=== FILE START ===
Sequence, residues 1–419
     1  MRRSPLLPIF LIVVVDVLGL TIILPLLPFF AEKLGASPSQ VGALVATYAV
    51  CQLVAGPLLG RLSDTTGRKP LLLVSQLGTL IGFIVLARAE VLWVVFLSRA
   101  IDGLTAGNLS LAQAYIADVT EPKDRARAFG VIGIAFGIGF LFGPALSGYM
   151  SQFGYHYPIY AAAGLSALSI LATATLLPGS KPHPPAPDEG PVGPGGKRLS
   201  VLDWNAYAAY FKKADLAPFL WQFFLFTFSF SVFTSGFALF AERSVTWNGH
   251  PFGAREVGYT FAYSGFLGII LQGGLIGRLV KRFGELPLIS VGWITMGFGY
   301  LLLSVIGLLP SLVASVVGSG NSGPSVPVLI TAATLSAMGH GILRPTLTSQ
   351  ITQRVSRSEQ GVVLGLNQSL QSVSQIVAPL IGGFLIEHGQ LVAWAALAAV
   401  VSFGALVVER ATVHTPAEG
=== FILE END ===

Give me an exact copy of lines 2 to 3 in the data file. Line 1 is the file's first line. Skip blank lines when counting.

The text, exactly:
     1  MRRSPLLPIF LIVVVDVLGL TIILPLLPFF AEKLGASPSQ VGALVATYAV
    51  CQLVAGPLLG RLSDTTGRKP LLLVSQLGTL IGFIVLARAE VLWVVFLSRA